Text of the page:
from The American Heritage® Dictionary of the English Language, 4th Edition
- n. One who performs a religious rite or presides over a religious service or ceremony.
from Wiktionary, Creative Commons Attribution/Share-Alike License
- n. A person who officiates at a religious ceremony (other than the Eucharist)
from the GNU version of the Collaborative International Dictionary of English
- n. The officer who officiates or performs an office, as the burial office.
from The Century Dictionary and Cyclopedia
- n. Eccles., one who officiates at or conducts a religious service; one who administers a sacrament or celebrates the eucharist.
from WordNet 3.0 Copyright 2006 by Princeton University. All rights reserved.
- n. a clergyman who officiates at a religious ceremony or service
Sorry, no etymologies found.
I sure wanted to find out more about how Eric had qualified as a priest, or whatever they called the officiant, but first I was going to make Jake tell me about Quinn.
Their boldface-name officiant liked the idea, too.
Under the city's current marriage law, civil marriages can only be performed by a judge or by a court-appointed 'officiant' that almost always performs marriages at the D.C. Superior Court.
Given that view of marriage, I've always liked the Quaker way of getting married--i.e., the whole meeting serves as "officiant" for the wedding.
In addition to being LEWW's favorite kind of officiant, (the Article III kind), Judge Jacobs is the author of Sarah and Patrick have much in common with the contestants above, starting with strong educational credentials that combine Ivy cache with a touch of newer-school swagger.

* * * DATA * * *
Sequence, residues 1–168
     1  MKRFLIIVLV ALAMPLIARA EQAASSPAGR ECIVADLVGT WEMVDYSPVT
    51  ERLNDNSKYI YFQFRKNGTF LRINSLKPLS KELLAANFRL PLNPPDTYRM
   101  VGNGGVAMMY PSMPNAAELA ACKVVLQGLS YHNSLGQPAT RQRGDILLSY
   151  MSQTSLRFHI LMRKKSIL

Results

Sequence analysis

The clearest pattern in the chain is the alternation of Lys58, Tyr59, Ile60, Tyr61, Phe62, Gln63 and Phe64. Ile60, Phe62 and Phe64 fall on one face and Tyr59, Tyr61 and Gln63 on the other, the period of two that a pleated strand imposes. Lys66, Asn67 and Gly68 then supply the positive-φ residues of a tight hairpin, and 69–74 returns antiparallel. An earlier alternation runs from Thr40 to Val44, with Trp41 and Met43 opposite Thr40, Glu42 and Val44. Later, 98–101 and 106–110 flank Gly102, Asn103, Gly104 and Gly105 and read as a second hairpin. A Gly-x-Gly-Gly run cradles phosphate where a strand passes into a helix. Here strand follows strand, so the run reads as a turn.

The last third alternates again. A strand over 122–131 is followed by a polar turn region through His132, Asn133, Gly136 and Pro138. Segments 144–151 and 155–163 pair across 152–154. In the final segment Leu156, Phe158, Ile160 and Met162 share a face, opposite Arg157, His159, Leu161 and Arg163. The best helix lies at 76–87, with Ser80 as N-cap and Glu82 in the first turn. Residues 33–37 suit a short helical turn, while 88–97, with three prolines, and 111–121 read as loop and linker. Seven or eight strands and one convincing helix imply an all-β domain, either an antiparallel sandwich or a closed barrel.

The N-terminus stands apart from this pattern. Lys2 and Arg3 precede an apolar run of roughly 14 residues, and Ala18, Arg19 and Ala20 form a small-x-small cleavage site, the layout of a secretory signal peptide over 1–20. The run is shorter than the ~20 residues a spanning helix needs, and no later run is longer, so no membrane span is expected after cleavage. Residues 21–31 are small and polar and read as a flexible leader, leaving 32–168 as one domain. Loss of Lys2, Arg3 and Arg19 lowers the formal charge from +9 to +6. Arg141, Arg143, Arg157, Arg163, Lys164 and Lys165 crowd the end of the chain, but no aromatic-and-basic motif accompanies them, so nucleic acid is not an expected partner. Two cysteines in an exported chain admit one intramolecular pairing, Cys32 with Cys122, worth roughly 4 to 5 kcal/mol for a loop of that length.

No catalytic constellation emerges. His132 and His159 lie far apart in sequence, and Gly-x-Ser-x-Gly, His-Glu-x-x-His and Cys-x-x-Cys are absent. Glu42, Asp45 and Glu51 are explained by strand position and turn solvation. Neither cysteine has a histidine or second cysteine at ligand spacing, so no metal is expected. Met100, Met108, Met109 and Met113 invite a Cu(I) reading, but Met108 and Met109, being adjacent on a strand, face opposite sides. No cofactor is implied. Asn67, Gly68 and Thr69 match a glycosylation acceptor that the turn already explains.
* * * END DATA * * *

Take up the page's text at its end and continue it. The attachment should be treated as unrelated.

Their officiant, a dear friend of theirs, sported a full leopard-print suit in true rockabilly fashion—and even strutted over the tracks with Mike and his Rat Pack pals.
Next, the officiant, groom, and best man enter the ceremony through a side door and wait at the altar.
Shortly before sunrise on Saturday, March 27, 1546, Alfonso Díaz, a Spaniard and minor officiant at the Vatican, arrived in Neuburg on the Danube, a village outside Augsburg, Germany.
I wonder, did the officiant perhaps say anything along the lines of, “By the power invested in me by the state of Florida ...”?
If they all met at a church, the protest was mentioned by the religious officiant in his/her sermon, and then they all took church transportation to the home of a doctor where the trespass occurred, could the church be held liable?